SEBERG – Review by Susan Granger

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Inspired by the life of French New Wave star Jean Seberg, best known for Jean-Luc Godard’s “Breathless,” this is a tepid political thriller, set in the late 1960s when she was targeted by J. Edgar Hoover’s FBI because of her romantic involvement with civil rights activist Hakim Jamal.

Born in Marshalltown, Iowa, in 1938, Jean Seberg (Kristen Stewart) rose to stardom in 1957, when director Otto Preminger literally set her on fire while making “Saint Joan.”

But screenwriters Anna Waterhouse and Joe Shrapnel, along with Australian director Benedict Andrews, aren’t concerned with Seberg’s early life and formative years.

Instead, they focus on 1968-1971, when she left her husband, novelist Romain Gary (Yvan Attal), in Paris and met seductive Hakim Jamal (Anthony Mackie), a cousin of Malcom X, on a transatlantic flight.

When they disembark in Los Angeles, impulsive Seberg joins Jamal in giving the Black Power salute to the assembled press corps. Obviously smitten, she takes to heart his assertion: “If you can change one mind, you can change the world.”

Seberg passionately supports radical Jamal financially and emotionally, much to distress of his wife, Dorothy (Zazie Beetz), who refers to her as “a tourist” in the social justice movement.

Determined to embarrass Seberg when she became pregnant by Mexican student Carlos Navarra, the FBI planted a gossip column rumor that a Black Panther was the father. Two days later, when her baby died, Seberg asks for an open casket so mourners could verify that the infant was Caucasian.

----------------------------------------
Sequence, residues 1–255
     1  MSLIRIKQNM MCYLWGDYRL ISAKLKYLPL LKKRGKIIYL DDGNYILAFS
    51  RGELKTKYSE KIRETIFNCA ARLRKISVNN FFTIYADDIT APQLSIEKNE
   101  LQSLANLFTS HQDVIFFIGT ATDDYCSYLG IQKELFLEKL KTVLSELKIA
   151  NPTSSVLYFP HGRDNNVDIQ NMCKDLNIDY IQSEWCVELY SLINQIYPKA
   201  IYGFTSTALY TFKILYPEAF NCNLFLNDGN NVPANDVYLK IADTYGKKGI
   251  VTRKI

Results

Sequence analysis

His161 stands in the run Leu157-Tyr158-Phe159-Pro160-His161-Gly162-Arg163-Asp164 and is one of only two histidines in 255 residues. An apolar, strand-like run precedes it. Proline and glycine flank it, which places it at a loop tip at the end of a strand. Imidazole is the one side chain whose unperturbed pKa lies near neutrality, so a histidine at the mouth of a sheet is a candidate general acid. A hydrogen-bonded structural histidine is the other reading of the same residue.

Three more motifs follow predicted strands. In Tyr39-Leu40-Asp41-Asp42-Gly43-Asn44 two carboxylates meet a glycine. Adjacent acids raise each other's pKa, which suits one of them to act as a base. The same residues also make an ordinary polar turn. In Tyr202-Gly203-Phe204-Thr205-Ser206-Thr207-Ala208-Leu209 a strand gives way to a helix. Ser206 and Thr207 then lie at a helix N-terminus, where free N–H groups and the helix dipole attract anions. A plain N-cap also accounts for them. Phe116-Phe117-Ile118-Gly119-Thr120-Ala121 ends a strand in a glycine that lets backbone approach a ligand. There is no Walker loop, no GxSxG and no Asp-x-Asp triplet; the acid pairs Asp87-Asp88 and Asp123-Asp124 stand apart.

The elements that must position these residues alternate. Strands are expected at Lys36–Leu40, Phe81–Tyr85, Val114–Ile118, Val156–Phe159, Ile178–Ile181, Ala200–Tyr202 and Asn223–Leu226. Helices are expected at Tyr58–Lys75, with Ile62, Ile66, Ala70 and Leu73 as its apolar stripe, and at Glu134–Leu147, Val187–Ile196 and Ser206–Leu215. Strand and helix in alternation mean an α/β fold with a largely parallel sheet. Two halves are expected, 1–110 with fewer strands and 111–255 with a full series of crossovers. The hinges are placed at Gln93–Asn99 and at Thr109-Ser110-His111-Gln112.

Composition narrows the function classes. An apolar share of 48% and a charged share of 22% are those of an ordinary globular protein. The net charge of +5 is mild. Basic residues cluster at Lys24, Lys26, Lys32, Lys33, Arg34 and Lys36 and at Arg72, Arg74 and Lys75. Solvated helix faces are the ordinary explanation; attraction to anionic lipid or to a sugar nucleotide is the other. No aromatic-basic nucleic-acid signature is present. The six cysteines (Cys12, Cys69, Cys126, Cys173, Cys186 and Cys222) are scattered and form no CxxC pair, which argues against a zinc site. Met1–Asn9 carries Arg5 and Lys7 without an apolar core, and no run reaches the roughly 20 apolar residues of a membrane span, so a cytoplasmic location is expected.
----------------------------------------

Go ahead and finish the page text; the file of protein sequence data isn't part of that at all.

The primary FBI agent assigned to spy on Seberg is conflicted, conscience-stricken Jack Solomon (Jack O’Connell), along with his overtly racist partner, Carl Kowalski (Vince Vaughn).

Victimized Jean Seberg died of an apparent suicide in 1979 at age 40.

While Kristen Stewart delivers a solid simulation of androgynous Seberg, complete with cropped blonde pixie cut, her twitchy, persecuted performance is undermined by the stumbling superficiality of the script.

On the Granger Movie Gauge of 1 to 10, “Seberg” is a fervent, yet fictionalized 5. Lacking insight, it becomes banal.

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Susan Granger

Susan Granger is a product of Hollywood. Her natural father, S. Sylvan Simon, was a director and producer at R.K.O., M.G.M. and Columbia Pictures; her adoptive father, Armand Deutsch, produced movies at M.G.M. As a child, Susan appeared in movies with Abbott & Costello, Red Skelton, Lucille Ball, Margaret O'Brien and Lassie. She attended Mills College in California, studying journalism with Pierre Salinger, and graduated from the University of Pennsylvania, Phi Beta Kappa, with highest honors in journalism. During her adult life, Susan has been on radio and television as an anchorwoman and movie/drama critic. Her newspaper reviews have been syndicated around the world, and she has appeared on American Movie Classics cable television. In addition, her celebrity interviews and articles have been published in REDBOOK, PLAYBOY, FAMILY CIRCLE, COSMOPOLITAN, WORKING WOMAN and THE NEW YORK TIMES, as well as in PARIS MATCH, ELLE, HELLO, CARIBBEAN WORLD, ISLAND LIFE, MACO DESTINATIONS, NEWS LIMITED NEWSPAPERS (Australia), UK DAILY MAIL, UK SUNDAY MIRROR, DS (France), LA REPUBBLICA (Italy), BUNTE (Germany), VIP TRAVELLER (Krisworld) and many other international publications through SSG Syndicate. Susan also lectures on the "Magic and Mythology of Hollywood" and "Don't Take It Personally: Conquering Criticism and other Survival Skills," originally published on tape by Dove Audio.